“When staying in Pitlochry during the early part of the war, I chanced to see a stately house with a fairly large garden, quite close to the town. I at once realised that here my dream theatre might well be established in this fashionable resort right in the heart of Scotland”
John Stewart, reproduced from the 1951 Programme
When, in 1944, two men visited Pitlochry, who could tell what the next seventy years would bring and how John Stewart’s vision would be achieved and subsequently developed?
Stewart at that time was a director of the then well-known commercial college, Skerry’s, but he also had a strong interest in theatre which stemmed from his association with the amateur Curtain Theatre – a group that had encouraged such talents as Duncan Macrae and Robert McLellan. This interest led him to establish the Park Theatre Club in Glasgow’s West End in 1941. Dubbed ‘Glasgow’s First Little Theatre’, it grew in stature to the point of having a fully professional cast by the time it closed in 1949, when, at the height of its success but with no prospect of a larger theatre being built in Glasgow, Stewart reluctantly ‘shut the doors’.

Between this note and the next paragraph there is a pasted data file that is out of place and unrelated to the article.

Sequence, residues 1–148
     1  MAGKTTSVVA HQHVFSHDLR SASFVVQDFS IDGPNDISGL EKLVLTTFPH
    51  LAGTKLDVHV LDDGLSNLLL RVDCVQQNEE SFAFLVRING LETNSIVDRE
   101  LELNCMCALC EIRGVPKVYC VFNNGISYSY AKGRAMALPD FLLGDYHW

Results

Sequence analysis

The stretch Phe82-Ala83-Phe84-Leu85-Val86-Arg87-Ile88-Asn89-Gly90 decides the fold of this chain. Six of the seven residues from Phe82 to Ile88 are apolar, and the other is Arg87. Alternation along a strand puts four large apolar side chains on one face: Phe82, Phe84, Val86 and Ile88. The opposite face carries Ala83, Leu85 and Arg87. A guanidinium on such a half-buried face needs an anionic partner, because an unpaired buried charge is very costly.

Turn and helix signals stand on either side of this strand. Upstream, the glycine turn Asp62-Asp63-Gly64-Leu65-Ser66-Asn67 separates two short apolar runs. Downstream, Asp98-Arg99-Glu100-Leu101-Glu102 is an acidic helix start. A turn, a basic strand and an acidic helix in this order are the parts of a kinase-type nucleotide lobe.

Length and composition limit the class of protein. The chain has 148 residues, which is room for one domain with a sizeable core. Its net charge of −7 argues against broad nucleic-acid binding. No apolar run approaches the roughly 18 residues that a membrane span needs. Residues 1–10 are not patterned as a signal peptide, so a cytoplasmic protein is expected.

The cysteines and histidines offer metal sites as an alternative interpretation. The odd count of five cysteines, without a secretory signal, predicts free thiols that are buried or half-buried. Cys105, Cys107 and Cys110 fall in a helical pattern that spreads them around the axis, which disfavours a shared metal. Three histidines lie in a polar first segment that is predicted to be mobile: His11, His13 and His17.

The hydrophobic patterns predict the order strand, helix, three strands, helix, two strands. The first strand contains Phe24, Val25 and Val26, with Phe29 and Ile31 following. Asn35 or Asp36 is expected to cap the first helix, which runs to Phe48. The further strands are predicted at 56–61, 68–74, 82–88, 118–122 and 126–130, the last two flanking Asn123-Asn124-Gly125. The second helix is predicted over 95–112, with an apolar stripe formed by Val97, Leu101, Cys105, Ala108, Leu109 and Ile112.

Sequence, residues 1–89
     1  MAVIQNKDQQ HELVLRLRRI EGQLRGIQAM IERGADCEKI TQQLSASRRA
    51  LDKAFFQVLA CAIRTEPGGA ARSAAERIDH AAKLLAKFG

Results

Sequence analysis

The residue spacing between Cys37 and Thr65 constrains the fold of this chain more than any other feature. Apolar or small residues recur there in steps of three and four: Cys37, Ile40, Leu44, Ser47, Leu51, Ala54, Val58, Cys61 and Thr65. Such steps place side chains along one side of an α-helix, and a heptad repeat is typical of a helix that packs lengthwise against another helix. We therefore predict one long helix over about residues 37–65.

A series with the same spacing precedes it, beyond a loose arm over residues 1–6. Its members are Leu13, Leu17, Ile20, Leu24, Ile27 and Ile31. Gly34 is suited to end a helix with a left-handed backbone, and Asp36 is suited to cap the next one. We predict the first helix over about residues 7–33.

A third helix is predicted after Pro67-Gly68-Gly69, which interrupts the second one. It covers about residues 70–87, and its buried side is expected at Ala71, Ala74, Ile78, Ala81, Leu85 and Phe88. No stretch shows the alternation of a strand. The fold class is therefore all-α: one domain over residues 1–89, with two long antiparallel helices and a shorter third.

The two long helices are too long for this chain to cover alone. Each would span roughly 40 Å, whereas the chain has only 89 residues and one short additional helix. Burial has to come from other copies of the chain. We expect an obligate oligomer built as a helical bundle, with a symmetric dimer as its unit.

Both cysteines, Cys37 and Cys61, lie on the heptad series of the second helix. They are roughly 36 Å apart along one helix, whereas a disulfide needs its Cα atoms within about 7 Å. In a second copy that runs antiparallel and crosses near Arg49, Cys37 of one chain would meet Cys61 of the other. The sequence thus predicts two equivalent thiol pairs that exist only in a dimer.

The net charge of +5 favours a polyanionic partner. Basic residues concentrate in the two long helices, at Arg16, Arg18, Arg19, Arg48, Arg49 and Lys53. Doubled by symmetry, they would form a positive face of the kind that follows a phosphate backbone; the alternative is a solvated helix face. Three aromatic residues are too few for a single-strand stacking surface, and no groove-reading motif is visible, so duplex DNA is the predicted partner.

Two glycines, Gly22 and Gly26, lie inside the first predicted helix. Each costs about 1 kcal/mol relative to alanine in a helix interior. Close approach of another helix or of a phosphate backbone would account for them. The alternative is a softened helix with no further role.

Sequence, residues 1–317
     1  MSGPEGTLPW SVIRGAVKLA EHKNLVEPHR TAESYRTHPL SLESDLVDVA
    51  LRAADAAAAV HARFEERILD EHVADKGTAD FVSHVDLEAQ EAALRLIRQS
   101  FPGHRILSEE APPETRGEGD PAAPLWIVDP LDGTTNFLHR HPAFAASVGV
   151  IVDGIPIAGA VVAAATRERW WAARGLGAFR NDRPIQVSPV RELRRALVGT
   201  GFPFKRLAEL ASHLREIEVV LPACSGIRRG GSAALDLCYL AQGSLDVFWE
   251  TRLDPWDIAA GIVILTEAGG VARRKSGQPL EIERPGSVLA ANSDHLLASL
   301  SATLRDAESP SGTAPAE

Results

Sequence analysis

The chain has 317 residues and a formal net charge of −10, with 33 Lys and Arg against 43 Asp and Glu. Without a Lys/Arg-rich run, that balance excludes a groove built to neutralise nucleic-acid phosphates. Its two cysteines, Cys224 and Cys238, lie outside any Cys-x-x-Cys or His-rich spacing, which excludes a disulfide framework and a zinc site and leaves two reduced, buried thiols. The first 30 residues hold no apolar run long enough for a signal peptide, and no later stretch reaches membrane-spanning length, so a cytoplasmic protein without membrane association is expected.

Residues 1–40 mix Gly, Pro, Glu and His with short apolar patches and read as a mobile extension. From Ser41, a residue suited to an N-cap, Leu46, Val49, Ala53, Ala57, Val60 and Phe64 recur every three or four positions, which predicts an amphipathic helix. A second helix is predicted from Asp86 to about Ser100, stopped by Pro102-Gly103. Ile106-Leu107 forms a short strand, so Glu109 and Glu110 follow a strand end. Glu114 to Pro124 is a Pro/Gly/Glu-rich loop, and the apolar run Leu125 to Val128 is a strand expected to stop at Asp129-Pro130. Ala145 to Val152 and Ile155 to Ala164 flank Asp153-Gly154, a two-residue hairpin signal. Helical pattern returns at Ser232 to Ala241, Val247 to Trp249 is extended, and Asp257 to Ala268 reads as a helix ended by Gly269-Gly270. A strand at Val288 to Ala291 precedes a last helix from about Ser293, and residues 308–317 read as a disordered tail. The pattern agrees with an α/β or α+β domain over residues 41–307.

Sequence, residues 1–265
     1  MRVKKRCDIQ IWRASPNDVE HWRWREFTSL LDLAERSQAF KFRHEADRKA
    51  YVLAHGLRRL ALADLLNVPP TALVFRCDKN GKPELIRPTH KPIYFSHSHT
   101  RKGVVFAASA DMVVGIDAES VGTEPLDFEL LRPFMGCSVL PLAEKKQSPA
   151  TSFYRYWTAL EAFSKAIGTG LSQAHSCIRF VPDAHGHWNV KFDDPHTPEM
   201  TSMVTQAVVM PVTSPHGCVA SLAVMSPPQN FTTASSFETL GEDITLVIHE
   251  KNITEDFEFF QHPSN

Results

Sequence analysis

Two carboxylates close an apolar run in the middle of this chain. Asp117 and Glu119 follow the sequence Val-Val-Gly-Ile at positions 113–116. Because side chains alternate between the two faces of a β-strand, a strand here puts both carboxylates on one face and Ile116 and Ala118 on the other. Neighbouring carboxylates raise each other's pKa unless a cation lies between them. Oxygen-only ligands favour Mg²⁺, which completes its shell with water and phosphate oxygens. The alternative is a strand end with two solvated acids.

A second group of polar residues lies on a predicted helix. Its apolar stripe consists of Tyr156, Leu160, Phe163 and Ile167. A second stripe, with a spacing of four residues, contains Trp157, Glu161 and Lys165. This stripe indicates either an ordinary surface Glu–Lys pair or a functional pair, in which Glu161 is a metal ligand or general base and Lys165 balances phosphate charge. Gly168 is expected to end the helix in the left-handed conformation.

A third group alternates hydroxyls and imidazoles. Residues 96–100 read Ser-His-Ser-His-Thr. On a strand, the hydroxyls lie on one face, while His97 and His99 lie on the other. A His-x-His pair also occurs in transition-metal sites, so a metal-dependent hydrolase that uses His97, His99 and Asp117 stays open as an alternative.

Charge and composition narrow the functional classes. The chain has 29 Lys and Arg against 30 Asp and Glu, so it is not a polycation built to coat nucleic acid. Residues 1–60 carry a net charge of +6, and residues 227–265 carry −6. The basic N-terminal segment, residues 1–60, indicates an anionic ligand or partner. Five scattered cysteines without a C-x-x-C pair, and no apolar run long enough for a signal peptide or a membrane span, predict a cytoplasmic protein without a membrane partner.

Stewart declared somewhat obliquely in his final curtain speech: ‘Glasgow’s loss will be Scotland’s gain’. It was again to Pitlochry that he looked, the romantic in him having concealed a slip of paper in a wayside post on this side of the River Tummel during the war: ‘When peace is declared I shall return to this spot to give thanks to God and to establish my Festival’. On VE day, Stewart recovered that same slip of paper, spoke his silent prayer beneath the open sky and vowed again to fulfil his promise.
1949 – 1951
A site at Knockendarroch beckoned. But in 1949,the rationing of all building materials meant that licences were needed from the Ministry of Works, who would issue them for essential building purposes only. So it was that the fledgling theatre company had also to apply. Despite a vigorous press campaign justifying their requirements on the grounds that tourism would benefit, dollars would be earned, the theatre would be an asset to Scotland, and that, in any case, the money to be spent was John Stewart’s, the request was refused.
With this setback Stewart turned to the idea of a tent theatre, visiting the wet weather tent in London’s Regent Park and that of Birmingham’s Arena Theatre for inspiration and advice.
Both companies had their tents from the same maker in Walsall, from whom (after consultation on design) Stewart bought one. With the support of Tom Johnston, chairman of the Scottish Tourist Board, the Ministry of Works finally capitulated and permission was given for a little steel and a little timber, so that the tent theatre could be completed. And so finally, on 19th May, 1951, Pitlochry Festival Theatre opened with the British première of Maxwell Anderson’s Mary of Scotland, with Joss Ackland as Darnley.